That darn cat...
June 19, 2005 9:02 PM   Subscribe

What are some ways to get a cat to adjust to a new, different (hooded) litter box?

We've got a 6 year old female cat that we've just tried to switch to a hooded litter box from an uncovered one in an attempt to cut down on the amount of litter that gets kicked and tracked onto the bathroom floor. Our cat is pretty much terrified of any unfamiliar object that it sees though, and so far all we've gotten for our trouble is some pee on the bathroom rug. She's very good with using her old litter box and never goes anywhere else so she's obviously not thrilled with the change. Are there any good ways to help a cat get comfortable with a new litter box?
posted by shinji_ikari to Pets & Animals (13 answers total)
Understandably, she probably doesn't like to crap in the dark. Also, the tight space is annoying her -- there's no tail room.

Get her used to the new box by starting without the hood, assuming the hood is removable. Also, if it has any removable flaps or panels or filters, remove them when you eventually try her with the hood on.

You might have to settle for a hood with no door, but that would still catch most of the kicked litter. In that case, you could try to rig something outside the box, like putting the litter box in an even bigger box (a large, low pan) to catch the kicks.
posted by pracowity at 9:36 PM on June 19, 2005

Drop the cat in the litter box when it's perfectly clean. Seriously. They know what to do once they smell and feel it.
posted by interrobang at 9:51 PM on June 19, 2005

If interrobang's idea doesn't work, try starting with the hood off, but sitting right there next to the litter box. Each day gradually move it up a little at a time till it's in regular position. Not sure if this is workable, but by introducing the cover slowly, maybe the cat will be able to get used to it and not freaked out by it.
posted by wsg at 10:06 PM on June 19, 2005

A friend of mine suspended the hood over the litterbox with a hook in the ceiling and then lowered it onto the bottom part inch-by-inch over a week or so. He says it worked great, although I know he had to put a piece of tape on one side to keep the hood from rotating.
posted by yellowcandy at 11:01 PM on June 19, 2005

re: what pracowity said. Those big, flat, plastic boxes made to shove under the bed work well to help contain the litter mess.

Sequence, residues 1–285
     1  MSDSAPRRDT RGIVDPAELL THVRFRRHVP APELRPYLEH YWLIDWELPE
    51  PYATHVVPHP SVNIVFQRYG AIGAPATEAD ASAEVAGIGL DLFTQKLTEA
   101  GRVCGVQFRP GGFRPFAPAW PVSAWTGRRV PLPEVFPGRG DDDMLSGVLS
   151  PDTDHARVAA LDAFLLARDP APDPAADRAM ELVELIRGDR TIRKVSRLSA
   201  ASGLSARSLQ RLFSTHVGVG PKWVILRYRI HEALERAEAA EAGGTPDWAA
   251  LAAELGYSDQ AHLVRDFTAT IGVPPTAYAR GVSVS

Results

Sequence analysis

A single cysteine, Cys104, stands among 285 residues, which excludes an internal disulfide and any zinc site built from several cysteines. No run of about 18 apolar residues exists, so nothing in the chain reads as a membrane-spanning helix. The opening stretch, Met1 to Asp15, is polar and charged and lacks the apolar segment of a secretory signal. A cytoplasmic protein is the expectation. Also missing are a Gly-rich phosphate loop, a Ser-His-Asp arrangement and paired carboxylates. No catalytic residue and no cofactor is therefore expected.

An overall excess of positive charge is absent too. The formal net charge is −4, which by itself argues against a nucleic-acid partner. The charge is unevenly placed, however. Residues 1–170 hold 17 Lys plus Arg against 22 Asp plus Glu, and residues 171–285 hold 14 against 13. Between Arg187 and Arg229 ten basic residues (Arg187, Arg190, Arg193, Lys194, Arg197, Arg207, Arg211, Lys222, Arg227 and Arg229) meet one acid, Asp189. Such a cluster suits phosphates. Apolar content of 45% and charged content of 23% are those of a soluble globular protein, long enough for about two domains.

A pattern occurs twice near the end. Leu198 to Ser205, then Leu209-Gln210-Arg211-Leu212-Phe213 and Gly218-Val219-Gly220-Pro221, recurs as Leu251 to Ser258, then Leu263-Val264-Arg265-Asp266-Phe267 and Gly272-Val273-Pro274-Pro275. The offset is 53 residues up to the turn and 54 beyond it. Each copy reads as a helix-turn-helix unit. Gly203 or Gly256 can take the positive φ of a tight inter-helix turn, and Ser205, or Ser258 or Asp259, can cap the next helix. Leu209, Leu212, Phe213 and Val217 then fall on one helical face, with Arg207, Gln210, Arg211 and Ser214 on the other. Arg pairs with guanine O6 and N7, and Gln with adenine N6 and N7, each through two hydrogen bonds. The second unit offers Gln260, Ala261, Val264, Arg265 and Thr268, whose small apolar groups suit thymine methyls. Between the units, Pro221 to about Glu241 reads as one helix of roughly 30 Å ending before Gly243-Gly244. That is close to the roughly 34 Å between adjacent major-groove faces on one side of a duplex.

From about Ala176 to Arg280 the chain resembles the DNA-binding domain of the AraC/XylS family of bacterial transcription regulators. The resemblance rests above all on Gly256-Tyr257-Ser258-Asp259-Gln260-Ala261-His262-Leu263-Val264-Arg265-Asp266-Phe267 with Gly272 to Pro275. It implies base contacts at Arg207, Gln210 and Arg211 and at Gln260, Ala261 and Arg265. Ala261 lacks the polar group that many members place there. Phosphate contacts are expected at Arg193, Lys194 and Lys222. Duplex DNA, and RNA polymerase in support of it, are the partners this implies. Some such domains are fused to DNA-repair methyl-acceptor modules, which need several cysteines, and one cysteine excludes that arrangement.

posted by BoscosMom at 12:35 AM on June 20, 2005

Alternative: put old open box by new closed-in box. Fill both with fresh litter. Let cat use whichever she prefers. After a day or two, put some used litter and turds in the new closed-in box, so she can smell that it is her bathroom. Wait a couple days more.

Now you have two choices. You could take the old box away, hoping the cat will transition to the new box. Or, you can let the old box get really foul with poo and pee, and let the cat transition when she's ready. Generally, cats don't like dirty litter boxes.
posted by yesster at 6:27 AM on June 20, 2005

We switched from hooded boxes to the Clever Cat -- our kids like it because they can poke heads or tails out depending on if they are scratching or doing business. Bonus: you can use regular, heavy duty trash bags for litter liners. Ours prefer this box to literally everything else we've ever used. At the utter height of our litter problems we used Dr. Elsey's Cat Attract Litter and then switched to the regular Dr. Elsey's (Precious Cat) litter. We have had next to zero problems since. We also reduced tracking by actually putting the box in the tub/shower enclosure in the bathroom that we don't shower in -- we used a gripper pad under the box and it never so much as budged, and the tracked litter was not underfoot.
posted by Medieval Maven at 6:43 AM on June 20, 2005

I second leaving the old box next to the new one and letting it get filled up, cats hate nothing more than a dirty commode. The cat will switch to the new one when they realize how nice and clean it is, and then you can get rid of the old one.
posted by babypoe at 9:19 AM on June 20, 2005

Huh. My parents just switched their cat to a hooded box and had no trouble. I think they let the cat see the box sans top first, with clean litter. But I guess your cat's mileage may vary.